Tag Archives: In the Valley of Elah

The Next Three Days

23 Nov

Title: The Next Three Days
Paul Haggis
Paul Haggis, based on the original film written by Fred Cavayé and Guillaume Lemans
Russell Crowe, Elizabeth Banks, Brian Dennehy, Olivia Wilde, Jason Beghe, Liam Neeson
MPAA Rating:
PG-13, violence, drug material, language, some sexuality and thematic elements
122 min
Major Awards:
IMDb Rating:
Rotten Tomatoes:

The Next Three Days premiered on Friday, and after its first weekend at the box office it’s set to stand as a seriously low-grosser for the usually bankable Russell Crowe, as it seems on point to make less than $7 million for its first three days, the less of any of his films since the horrible A Good Year, however, don’t let that be a sign of anything, because this one’s better than that one. The pacing may be a pit too slow but, for me, Mr. Crowe and his co-star Elizabeth Banks, who I’m a huge fan of, totally sold this one for me.

The pacing problem is one I think may throw off a lot of people from this film, and it’s because Paul Haggis, who had otherwise made the Oscar-winning Crash and the seriously good In the Valley of Elah, directed this one in a way that just tried too much to make us understand every single step of it, always taking too long to explain stuff to us to the point in which I felt like screaming “Alright, we get it!”, and, to be honest, this is a film in which even though explanations are given by the dozens, the events of it seem too hard to believe for the most part, not because the steps are wrong, but because I didn’t buy the main character. And considering the cast this one had lined up, I was expecting much more than the end result we got, which was a very okay film, but nothing like the stuff Mr. Haggis had delivered before that.

Mr. Crowe’s character, John, is a school teacher who’s wife is convicted for a crime she says she didn’t commit, and which he deeply believes she couldn’t have, and he then does everything he can to get her free. That’s the basic gist of it, and while there are times in which this one works, mostly because Mr. Crowe is a seriously good actor, there are also a lot of times in which we don’t buy an English professor doing all of this and all of sudden looking as though he did it for a living.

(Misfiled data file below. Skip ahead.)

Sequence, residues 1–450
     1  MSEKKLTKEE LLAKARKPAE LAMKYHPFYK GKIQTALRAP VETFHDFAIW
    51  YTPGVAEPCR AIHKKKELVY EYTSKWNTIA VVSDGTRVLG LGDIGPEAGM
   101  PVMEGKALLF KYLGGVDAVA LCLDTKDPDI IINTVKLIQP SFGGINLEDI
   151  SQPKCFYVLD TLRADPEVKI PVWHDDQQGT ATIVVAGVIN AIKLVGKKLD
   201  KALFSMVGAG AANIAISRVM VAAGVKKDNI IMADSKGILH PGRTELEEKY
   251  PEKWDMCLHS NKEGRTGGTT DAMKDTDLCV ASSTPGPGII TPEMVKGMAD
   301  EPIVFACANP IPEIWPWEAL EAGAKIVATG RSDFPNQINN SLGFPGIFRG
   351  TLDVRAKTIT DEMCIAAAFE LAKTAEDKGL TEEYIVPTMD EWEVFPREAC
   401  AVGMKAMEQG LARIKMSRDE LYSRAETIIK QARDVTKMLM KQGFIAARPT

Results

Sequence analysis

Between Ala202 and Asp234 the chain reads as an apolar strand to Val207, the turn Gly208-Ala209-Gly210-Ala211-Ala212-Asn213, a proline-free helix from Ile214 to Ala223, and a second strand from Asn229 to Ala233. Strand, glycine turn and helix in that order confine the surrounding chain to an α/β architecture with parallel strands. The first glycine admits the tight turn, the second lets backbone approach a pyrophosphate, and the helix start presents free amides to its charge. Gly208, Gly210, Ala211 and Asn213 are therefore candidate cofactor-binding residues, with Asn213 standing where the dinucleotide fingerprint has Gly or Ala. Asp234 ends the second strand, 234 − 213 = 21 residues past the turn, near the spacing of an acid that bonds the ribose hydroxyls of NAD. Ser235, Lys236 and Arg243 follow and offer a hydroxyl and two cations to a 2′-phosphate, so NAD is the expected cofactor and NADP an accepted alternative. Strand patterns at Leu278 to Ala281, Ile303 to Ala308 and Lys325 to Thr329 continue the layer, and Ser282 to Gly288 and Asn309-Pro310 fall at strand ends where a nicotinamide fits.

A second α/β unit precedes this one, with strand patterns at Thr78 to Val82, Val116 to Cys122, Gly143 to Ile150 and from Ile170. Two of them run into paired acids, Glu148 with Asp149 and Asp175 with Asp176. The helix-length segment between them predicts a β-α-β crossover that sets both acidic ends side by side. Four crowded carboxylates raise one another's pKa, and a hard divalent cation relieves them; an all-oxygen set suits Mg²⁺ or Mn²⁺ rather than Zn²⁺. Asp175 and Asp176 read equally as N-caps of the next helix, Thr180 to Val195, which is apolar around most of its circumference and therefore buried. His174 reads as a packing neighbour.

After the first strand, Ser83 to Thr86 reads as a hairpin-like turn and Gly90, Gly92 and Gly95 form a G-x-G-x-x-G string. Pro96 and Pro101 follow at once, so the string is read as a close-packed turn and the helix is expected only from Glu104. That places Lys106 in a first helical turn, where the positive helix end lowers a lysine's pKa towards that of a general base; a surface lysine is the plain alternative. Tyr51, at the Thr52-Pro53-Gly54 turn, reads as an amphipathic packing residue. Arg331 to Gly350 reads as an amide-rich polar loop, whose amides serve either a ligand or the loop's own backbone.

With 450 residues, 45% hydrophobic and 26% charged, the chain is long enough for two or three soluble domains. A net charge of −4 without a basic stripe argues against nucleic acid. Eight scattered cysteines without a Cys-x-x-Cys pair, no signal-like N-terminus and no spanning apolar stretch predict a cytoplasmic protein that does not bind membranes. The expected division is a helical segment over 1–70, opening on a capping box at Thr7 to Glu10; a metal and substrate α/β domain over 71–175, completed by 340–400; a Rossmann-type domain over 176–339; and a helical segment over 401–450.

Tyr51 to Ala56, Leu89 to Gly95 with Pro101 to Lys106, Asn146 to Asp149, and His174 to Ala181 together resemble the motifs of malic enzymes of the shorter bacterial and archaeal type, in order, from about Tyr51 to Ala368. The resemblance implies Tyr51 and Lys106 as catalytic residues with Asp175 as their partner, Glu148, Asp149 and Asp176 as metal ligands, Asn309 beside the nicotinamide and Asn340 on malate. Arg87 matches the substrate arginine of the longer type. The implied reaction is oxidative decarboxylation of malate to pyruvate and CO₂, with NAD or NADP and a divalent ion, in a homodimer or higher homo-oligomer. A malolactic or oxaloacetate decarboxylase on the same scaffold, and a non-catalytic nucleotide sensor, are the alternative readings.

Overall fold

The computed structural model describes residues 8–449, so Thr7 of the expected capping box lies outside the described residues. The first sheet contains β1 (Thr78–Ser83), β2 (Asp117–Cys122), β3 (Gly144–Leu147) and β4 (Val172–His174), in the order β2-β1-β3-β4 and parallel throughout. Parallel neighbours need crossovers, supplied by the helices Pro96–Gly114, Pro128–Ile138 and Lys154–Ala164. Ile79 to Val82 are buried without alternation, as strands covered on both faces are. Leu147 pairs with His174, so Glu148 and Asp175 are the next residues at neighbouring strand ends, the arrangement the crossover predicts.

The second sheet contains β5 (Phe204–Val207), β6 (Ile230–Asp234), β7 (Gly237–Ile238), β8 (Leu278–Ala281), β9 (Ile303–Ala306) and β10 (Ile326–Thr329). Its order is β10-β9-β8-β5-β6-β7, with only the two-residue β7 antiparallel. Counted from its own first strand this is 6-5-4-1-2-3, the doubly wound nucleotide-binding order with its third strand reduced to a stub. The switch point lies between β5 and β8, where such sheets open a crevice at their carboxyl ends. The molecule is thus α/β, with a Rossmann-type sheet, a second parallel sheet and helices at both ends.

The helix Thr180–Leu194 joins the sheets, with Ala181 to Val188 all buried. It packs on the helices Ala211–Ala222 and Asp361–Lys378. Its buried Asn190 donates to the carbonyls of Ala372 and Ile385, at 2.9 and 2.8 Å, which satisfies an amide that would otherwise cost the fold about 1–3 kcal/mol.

But that’s not really Mr. Crowe’s fault, his performance is still seriously solid. As is Ms. Banks’ as Lara, his wife who all evidence points was the one who did the crime and must now do the time. And she apparently must start doing the time soon enough, as she is set to be transferred to a state prison in three days, time in which John must find out how to free her from the prison she’s currently being held in. But yeah, the fact that an English teacher can do that in three days seems kind of implausible. The steps of the plan, as I said, are carefully explained, too carefully at times, making it seem like an instruction manual for people who will actually go ahead and try this out in real life, but for the most part they’re all quite interesting and everything, that’s not the issue, the issue is that I just can’t believe John Brennan doing this because Mr. Crowe just doesn’t feel too much like John Brennan considering what we have seen him do in other roles.

So that’s my thing with this film I guess, the fact that even though Mr. Crowe’s performance was quite good, it felt like the kind of performance that oozes this sort of broodiness and that when it explodes the action scenes that will follow will seem believable. As such, I didn’t believe the parts in which John seemed unknowing of what to do and desperate about his circumstance, I always knew that he was capable of everything, and that’s because Mr. Crowe just seems like that guy.

I know I have been going on and on about this, but that’s just because that’s all I left with once I finished watching the film, and I felt that this would have been a much more competent affair had it granted some more credibility to its lead character. This will also feel a bit too much like a feature length instructional how-to video on jailbreaks, but I don’t have as much beef with that, even though at times it drags along too much, but at least it’s interesting. This was, however, a remake from a French film, and not a Haggis original, so the writer-director’s awesomeness streak is technically still intact, and I’ll still be waiting impatiently for his next project.

Grade: B-


The Greatest

8 Jul

Title: The Greatest
Year: 2009
Director: Shana Feste
Writer: Shana Feste
Starring: Pierce Brosnan, Susan Sarandon, Carey Mulligan, Johnny Simmons, Aaron Johnson, Zoe Kravitz, Michael Shannon
MPAA Rating: R, language, some sexual content and drug use
Runtime: 96 min
Major Awards:
IMDb Rating: 6.6
Rotten Tomatoes: 49%

I will give The Greatest a good grade, but that grade is based solely on the strength of its cast and the performances each member of it gives, but the fact is that the screenplay of this film, written by the film’s director while she babysitted, is vague at its best, and confusing way too often, and it’s what keeps this film from being truly outstanding.